Propagation of a global coronal wave and its interaction with large-scale coronal magnetic structures
The Institute of Solar-Terrestrial Physics of the Siberian Branch of the Russian Academy of Sciences,
PO Box 291,
Lermontov St. 126A,
2 Centre for mathematical Plasma Astrophysics, Department of Mathematics, KU Leuven, Leuven, Belgium
3 Solar-Terrestrial Centre of Excellence - SIDC, Royal Observatory of Belgium, Brussels, Belgium
4 Skobeltsyn Institute of Nuclear Physics, Moscow State University, Moscow, Russia
Accepted: 9 February 2018
Context. Global coronal waves associated with solar eruptions (the so-called EIT waves) often encounter coronal holes and solar active regions and interact with these magnetic structures. This interaction leads to a number of observed effects such as wave reflection and transmission.
Aims. We consider the propagation of a large-scale coronal shock wave and its interaction with large-scale non-uniformities of the background magnetic field and plasma parameters.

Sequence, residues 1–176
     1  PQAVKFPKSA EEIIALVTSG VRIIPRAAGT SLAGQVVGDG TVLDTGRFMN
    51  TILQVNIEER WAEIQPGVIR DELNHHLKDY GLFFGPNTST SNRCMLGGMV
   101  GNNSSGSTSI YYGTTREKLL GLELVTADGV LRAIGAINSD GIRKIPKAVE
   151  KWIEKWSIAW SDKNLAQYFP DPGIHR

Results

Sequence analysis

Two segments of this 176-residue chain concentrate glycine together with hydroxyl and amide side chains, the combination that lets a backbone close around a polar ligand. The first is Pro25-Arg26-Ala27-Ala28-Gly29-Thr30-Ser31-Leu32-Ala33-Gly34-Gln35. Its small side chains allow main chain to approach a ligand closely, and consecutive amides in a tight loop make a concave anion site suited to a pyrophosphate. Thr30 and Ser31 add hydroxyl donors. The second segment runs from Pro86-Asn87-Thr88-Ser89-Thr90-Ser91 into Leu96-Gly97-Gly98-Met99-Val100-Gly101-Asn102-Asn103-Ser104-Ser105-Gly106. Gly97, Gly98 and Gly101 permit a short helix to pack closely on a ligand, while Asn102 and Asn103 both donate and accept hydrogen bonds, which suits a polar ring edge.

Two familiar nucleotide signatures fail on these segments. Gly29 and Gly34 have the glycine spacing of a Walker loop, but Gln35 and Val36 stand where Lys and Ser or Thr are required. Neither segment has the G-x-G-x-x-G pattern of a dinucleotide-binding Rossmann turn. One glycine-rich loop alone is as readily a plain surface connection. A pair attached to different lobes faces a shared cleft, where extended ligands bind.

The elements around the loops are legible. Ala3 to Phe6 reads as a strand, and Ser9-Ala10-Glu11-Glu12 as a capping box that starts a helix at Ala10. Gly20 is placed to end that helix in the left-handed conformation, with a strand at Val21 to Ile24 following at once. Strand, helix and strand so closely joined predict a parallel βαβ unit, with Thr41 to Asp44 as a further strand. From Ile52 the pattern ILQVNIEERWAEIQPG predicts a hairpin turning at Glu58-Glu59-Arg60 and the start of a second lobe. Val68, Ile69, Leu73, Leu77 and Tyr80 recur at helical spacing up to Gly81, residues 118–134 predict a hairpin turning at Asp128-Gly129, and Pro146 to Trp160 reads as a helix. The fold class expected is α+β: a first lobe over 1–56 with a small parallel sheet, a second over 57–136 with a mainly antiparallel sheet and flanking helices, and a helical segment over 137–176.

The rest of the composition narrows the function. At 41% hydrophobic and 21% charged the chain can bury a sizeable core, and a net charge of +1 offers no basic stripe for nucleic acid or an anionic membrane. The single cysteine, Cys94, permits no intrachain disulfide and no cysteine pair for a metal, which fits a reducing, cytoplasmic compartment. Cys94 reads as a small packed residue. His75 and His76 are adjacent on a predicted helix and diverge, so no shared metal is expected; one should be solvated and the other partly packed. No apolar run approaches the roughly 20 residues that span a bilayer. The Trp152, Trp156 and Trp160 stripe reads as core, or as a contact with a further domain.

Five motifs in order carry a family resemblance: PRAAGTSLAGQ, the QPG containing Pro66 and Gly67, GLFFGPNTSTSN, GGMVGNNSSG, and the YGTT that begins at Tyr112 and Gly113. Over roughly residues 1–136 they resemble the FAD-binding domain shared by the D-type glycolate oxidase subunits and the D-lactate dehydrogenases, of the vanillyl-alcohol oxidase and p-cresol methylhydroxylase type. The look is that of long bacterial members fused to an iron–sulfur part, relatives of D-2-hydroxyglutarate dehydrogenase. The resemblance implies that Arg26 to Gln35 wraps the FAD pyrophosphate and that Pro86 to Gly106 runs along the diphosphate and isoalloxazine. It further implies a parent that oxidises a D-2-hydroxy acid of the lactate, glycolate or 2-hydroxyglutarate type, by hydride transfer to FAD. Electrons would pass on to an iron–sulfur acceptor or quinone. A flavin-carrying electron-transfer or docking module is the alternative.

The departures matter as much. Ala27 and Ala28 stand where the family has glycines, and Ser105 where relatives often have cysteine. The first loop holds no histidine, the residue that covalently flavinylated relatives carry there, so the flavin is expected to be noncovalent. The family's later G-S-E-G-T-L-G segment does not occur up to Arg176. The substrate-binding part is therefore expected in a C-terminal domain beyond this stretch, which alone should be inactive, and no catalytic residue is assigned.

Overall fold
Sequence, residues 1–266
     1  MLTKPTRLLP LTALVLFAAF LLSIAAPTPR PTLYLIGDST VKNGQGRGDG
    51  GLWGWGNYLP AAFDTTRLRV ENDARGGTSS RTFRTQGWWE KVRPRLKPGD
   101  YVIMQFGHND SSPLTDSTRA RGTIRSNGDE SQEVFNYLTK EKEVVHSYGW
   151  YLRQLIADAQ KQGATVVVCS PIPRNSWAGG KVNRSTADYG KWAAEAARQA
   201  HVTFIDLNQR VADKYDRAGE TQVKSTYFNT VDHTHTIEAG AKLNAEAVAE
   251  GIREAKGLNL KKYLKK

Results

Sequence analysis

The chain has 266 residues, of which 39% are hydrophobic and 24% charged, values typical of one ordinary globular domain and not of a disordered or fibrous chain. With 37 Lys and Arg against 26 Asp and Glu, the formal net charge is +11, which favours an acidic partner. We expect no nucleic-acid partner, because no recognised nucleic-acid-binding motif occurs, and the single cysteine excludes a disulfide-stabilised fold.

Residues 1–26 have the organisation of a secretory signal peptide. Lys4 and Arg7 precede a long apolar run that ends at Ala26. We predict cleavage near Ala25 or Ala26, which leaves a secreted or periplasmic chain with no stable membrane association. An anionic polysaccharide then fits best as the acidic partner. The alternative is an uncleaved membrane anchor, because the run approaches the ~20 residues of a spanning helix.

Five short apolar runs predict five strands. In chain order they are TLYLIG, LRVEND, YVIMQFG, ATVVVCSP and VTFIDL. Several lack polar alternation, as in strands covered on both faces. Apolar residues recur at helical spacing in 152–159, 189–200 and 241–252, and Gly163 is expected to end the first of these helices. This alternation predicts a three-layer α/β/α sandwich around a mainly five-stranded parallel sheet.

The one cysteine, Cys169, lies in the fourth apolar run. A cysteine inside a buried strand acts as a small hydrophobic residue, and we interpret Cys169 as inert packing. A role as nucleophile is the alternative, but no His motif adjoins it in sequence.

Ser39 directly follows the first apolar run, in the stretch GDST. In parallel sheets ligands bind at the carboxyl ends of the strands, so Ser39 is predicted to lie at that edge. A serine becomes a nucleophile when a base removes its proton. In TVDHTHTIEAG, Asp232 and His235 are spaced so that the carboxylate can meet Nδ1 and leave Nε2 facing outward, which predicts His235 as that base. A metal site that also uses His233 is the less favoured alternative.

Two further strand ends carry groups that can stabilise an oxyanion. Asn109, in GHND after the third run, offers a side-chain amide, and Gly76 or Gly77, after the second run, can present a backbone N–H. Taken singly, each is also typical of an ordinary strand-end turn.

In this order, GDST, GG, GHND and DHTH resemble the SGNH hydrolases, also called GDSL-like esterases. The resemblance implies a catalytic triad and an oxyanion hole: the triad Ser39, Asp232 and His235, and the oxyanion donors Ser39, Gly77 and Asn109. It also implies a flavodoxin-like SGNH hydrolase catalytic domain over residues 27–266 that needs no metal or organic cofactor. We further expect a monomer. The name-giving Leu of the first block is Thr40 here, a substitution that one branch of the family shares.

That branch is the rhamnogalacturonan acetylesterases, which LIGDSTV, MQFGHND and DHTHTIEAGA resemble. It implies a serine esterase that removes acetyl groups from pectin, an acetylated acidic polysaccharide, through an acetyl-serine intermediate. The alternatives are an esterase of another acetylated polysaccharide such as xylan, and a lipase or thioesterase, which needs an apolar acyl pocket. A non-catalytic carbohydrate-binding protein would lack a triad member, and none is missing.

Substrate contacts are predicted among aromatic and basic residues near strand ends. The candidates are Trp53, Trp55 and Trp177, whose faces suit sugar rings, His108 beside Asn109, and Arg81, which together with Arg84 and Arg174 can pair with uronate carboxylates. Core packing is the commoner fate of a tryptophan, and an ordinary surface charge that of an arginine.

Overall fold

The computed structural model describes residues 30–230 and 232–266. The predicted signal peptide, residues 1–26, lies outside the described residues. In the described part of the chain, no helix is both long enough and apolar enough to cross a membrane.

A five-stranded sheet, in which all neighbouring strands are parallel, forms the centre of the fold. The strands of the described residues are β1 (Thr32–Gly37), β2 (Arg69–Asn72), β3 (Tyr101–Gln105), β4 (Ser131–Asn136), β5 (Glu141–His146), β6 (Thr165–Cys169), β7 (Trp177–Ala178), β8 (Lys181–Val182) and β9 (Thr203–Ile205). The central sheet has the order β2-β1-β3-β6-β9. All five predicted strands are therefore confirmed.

Methods. Using the Lare2d code, we performed 2.5-dimensional simulations of the interaction of a large-scale single-pulse fast-mode magnetohydrodynamic shock wave of weak-to-moderate intensity with the region of enhanced Alfvén speed as well as with that of reduced Alfvén speed. We analysed simple models of non-uniformity and the surrounding plasma to understand the basic effects in wave propagation.
Results. We found the reflected waves of plasma compression and rarefaction, transmitted waves that propagate behind or ahead of the main part of the wave, depending on properties of the plasma non-uniformity, and secondary wave fronts. The obtained results are important to the correct interpretation of the global coronal wave propagation in the solar corona, understanding of theoretical aspects of the interaction of large-scale coronal shock waves with large-scale coronal magnetic structures, and diagnostics of coronal plasma parameters.
Key words: Sun: corona / waves / magnetohydrodynamics (MHD) / Sun: activity / methods: numerical
© ESO 2018